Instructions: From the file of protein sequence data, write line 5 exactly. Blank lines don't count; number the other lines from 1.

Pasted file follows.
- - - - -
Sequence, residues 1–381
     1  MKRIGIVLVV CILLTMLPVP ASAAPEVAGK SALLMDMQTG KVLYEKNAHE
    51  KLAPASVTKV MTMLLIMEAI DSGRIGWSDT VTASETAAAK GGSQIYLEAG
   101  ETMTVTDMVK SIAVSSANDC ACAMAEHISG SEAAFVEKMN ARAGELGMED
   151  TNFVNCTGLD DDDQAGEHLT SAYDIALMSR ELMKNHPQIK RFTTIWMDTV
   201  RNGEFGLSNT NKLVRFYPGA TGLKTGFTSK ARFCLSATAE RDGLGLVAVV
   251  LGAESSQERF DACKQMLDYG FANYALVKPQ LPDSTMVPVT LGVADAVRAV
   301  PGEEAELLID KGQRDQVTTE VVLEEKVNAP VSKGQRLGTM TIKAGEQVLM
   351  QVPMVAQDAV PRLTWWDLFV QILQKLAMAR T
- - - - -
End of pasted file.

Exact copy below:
   151  TNFVNCTGLD DDDQAGEHLT SAYDIALMSR ELMKNHPQIK RFTTIWMDTV